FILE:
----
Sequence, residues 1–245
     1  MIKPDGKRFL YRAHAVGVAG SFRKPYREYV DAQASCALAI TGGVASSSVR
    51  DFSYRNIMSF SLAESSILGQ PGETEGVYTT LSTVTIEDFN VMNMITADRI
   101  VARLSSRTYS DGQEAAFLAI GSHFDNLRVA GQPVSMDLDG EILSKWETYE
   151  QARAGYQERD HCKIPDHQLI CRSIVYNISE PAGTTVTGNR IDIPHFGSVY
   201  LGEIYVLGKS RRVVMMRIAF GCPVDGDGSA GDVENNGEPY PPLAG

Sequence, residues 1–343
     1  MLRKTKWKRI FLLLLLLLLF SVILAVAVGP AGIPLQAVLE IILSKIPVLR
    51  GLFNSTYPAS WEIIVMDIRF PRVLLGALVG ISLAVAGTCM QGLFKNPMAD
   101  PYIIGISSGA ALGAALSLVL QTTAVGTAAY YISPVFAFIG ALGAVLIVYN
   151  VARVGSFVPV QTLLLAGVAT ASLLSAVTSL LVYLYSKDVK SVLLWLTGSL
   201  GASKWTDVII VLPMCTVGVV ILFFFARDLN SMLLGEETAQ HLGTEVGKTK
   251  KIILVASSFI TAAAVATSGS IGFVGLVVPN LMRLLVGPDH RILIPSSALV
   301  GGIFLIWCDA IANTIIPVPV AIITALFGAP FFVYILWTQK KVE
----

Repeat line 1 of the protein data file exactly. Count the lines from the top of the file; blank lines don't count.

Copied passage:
Sequence, residues 1–245